Category: common peace consensus

Money, morals, and mass incarceration

by Dr. Charles Kiker

This post is in affirmation of and response to Dr. Alan Bean’s blog on the Friends of Justice site, “‘The Power to Make Us One’: Heather McGhee’s One-People America.” In that post Dr. Bean acknowledges that racially charged language only serves to make white people defensive regarding the plight of black people in America, and thus is counterproductive in bringing about either racial reconciliation or the end to mass incarceration.

In the February 10th edition of The New York Times two entries caught my attention. One was an article by Sabrina Tavernise, “Education Gap Grows Between Rich and Poor, Studies Say.” The finding of those studies, in a nutshell, is that the education gap between the children of well-off families, regardless of race, and poor families, regardless of race, is widening, while the education gap between the children of white families and black families is narrowing.

And it is well known that the level of education is a reliable predictor of income success or lack thereof.

The other was an op-ed piece by Paul Krugman, “Money and Morals.” Not surprisingly, Krugman argues that the big problem for working class families is not moral decay, but “A drastic reduction in the work opportunities available to less-educated men.” Krugman states that “entry-level wages of male high school graduates have fallen 23% since 1970” when adjusted for inflation. To make matters worse, benefits have been drastically reduced. (more…)

Pastor W.G. Daniels waged peace in Fort Worth, Texas

PASTOR 4By Alan Bean

No one can account for the dramatic drop in violent crime.  According to the Washington Post, in 2011 the DC homicide rate reached its lowest point since 1963.  But just across the county line, the homicide rate is experiencing an upswing.  When violent crime drops there is always a reason.  When gang-related violence plunged in Fort Worth, TX, a big part of the reason was the Rev. W.G. Daniels. 

Daniels died this week.  Marty Sabota’s obituary shows that Daniels grasped many of the principles criminologist  David Kennedy outlines in his excellent book Don’t Shoot:

America has four inextricably linked problems that converge in its most troubled communities.   There’s the violence that terrorizes many of its, especially, black and minority communities. There’s the chaos that comes with, especially, public drug markets.  There’s the devastation being wrought on, especially, troubled black and minority communities by our criminal justice in response to the first two problems.  And there’ the worsening racial divide that’s causing.

In Fort Worth, Pastor W.G. Daniels stopped the violence by forging a creative dialogue between law enforcement and the communities most affected by violent crime.  A former police officer who understood the law enforcement mindset, Daniels made the perfect peacemaker.  He knew why his neighbors didn’t want to talk to the police, but he also understood why law enforcement will always concentrate on high crime communities.  Daniels didn’t want the police to ignore the hot neighborhoods; he just wanted them to show more respect and professionalism.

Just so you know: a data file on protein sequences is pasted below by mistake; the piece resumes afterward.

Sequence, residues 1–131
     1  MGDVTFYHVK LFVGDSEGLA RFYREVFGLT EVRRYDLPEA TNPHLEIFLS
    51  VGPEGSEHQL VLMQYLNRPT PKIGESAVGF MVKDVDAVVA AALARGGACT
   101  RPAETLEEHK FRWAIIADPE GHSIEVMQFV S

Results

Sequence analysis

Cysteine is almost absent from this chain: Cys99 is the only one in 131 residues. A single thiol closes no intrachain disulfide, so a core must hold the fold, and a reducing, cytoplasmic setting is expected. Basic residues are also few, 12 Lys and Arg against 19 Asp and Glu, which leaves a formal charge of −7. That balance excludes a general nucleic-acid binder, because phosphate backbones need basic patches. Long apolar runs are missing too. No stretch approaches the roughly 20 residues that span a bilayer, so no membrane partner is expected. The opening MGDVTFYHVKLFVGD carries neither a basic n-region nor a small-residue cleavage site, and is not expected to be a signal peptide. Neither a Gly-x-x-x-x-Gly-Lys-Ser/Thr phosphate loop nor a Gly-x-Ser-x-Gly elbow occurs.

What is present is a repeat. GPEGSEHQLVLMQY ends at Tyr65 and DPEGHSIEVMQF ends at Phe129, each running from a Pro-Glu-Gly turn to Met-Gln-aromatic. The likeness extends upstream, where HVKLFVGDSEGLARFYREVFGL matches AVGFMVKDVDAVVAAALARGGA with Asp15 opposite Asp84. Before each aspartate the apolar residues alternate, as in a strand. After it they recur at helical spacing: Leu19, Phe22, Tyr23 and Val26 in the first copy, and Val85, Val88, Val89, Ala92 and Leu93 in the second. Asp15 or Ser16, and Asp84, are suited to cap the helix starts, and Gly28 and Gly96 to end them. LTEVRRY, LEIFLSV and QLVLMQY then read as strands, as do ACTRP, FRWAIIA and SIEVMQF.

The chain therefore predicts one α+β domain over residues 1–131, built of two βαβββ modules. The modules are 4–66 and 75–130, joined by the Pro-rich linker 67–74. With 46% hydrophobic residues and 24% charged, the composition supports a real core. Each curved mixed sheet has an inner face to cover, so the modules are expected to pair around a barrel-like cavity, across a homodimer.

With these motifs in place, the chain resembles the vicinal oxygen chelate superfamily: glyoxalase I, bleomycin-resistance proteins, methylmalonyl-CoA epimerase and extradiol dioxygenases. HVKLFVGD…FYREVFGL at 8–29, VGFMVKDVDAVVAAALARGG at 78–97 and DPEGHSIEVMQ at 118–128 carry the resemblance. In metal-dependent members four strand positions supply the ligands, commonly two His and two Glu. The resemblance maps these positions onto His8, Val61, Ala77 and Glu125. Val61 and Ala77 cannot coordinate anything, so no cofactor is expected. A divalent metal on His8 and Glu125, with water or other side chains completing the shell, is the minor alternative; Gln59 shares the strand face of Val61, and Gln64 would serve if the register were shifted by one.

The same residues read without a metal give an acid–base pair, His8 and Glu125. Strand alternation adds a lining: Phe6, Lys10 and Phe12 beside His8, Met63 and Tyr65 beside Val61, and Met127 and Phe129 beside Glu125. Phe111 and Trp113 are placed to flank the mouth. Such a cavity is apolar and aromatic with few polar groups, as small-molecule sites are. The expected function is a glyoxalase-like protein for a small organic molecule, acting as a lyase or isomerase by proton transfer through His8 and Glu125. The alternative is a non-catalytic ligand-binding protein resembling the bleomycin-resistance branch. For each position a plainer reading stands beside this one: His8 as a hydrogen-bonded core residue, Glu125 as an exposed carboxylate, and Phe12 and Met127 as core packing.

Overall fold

Getting gang members, community members and the police on the same page isn’t easy, but it can be done.  As Daniels once told the Star-Telegram:

You had gangs like the Crips and the Bloods fighting against each other, but after we conducted a survey, we found that there just needed to be somebody to bring a truce to stop the madness and no better people to do it than pastors who meet every Sunday. We needed to send a message that it would not be tolerated, and by the help of God and Christ we were able to bring about peace.

When people are talking to one another behavior changes.  Open air drug markets move underground, police officers feel more appreciated and behave with a higher level of professionalism, residents of high crime neighborhoods gain a new sense of confidence and self-respect.  Criminologist David Kennedy and pastor W.G. Daniels heal communities because they understand the spiritual nature of the war they are fighting.  (more…)

Progressives should be wary of Ron Paul

There is a lot to like about Ron Paul.  He opposes the war on drugs; he is anti-war, and he doesn’t like the Patriot Act.  Who could ask for anything more?

If you believe Adele M. Stan, progressives should be asking for much, much more.  Ron Paul’s libertarianism may overlap with the progressive agenda at important points, but it flows from a entirely different source.  Stan associates Paul with the anti-civil rights John Birch Society as well as the modern Reconstruction movement.  My research has reached similar conclusions.

Progressives contend that we’re all in this thing together; Libertarians say we’re all on our own.   Progressivism is consistent with religious altruism; libertarianism logically tends toward the moral nihilism of Ayn Rand. A philosophical difference that great can’t be mended with duct tape and baling wire.  Friends of Justice endorses a Common Peace Agenda that embraces the legitimate rights and needs of all people.  We aren’t satisfied with simply ending the war on drugs or reducing the size of the prison population; we seek what Martin Luther King Jr. called The Beloved Community.